Rule 15c3-3 under the Securities Exchange Act of 1934 (Exchange Act), known as the Customer Protection Rule, requires broker-dealers to take specific steps to safeguard customer cash and securities. Rule 15c2-1(a)(1) under the Exchange Act prohibits, without customer consent, hypothecation of customer securities that would result in the customer’s securities being commingled with another customer’s securities. A broker-dealer recently settled SEC charges that it had violated both rules, as well as the reporting requirements under the Exchange Act, by permitting cash customers’ fully paid securities to be improperly commingled in omnibus margin accounts at a clearing broker and to be hypothecated without their consent. The broker allegedly used those securities to finance its own operations and margin obligations. The settlement serves as a reminder that private fund advisers should pay close attention to how their brokers are protecting fund assets and whether those brokers are using fund assets to finance their operations. This article details the SEC’s allegations and the terms of the settlement. See “Morgan Stanley Settles SEC Charges Stemming From the Use of Customer Cash to Finance a Broker’s Hedge Positions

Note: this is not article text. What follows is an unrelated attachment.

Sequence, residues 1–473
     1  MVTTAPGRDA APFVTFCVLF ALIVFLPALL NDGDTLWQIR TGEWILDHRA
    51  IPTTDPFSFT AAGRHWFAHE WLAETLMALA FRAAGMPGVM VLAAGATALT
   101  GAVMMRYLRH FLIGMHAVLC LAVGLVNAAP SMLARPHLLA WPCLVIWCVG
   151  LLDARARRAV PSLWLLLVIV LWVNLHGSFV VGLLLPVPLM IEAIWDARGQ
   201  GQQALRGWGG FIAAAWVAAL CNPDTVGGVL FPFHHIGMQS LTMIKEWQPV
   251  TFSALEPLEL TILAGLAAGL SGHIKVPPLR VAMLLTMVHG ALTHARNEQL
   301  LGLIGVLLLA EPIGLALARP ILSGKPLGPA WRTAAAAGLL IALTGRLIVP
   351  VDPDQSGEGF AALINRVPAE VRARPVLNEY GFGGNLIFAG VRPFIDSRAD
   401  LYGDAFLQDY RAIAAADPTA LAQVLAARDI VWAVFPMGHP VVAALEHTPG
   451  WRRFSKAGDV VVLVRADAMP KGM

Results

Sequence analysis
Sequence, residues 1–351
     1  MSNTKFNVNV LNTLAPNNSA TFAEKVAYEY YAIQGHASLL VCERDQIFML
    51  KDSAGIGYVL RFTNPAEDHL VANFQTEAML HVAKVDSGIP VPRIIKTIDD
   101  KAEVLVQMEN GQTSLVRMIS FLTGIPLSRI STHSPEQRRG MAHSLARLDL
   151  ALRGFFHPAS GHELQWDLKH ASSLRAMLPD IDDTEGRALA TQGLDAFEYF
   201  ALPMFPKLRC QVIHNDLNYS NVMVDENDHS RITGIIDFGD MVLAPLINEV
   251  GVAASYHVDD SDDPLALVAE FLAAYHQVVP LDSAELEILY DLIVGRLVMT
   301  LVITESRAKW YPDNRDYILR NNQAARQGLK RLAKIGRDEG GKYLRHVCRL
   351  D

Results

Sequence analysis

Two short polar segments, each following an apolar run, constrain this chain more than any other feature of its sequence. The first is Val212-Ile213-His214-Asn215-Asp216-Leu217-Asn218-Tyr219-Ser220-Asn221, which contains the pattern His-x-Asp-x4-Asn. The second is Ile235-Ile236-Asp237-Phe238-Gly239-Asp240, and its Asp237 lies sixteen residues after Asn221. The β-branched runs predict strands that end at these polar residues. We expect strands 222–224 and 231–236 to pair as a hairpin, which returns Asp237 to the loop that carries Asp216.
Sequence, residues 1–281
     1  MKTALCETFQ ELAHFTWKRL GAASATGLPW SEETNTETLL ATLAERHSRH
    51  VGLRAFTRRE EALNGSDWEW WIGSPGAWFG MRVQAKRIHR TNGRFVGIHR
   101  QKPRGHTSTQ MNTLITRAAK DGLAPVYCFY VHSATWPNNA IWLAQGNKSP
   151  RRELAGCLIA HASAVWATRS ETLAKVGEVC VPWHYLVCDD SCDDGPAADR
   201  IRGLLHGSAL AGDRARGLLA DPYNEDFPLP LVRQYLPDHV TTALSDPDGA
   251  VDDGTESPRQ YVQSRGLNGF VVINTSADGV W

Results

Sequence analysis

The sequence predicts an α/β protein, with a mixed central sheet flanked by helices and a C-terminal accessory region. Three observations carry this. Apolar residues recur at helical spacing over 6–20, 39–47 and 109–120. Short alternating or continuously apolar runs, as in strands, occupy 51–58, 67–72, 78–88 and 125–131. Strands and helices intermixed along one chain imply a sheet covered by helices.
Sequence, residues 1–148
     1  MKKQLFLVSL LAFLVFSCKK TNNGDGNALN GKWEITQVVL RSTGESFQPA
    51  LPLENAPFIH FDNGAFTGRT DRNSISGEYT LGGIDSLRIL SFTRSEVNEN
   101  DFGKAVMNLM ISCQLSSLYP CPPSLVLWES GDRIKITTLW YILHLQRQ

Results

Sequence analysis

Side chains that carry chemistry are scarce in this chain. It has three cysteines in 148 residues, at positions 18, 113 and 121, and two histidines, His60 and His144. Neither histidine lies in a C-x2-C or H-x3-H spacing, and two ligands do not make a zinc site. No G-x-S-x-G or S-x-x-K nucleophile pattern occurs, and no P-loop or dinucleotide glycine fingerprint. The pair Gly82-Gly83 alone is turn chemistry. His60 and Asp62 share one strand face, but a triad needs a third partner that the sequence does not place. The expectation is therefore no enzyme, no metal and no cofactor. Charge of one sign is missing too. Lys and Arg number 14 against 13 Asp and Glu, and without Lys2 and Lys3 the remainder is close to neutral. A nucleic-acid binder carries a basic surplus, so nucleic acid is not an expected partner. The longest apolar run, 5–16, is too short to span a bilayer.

” (Jan. 19, 2017); and “Merrill Lynch Settlement Reminds Hedge Fund Managers to Be Aware of How Brokers Are Handling Their Assets
” (Jul. 7, 2016).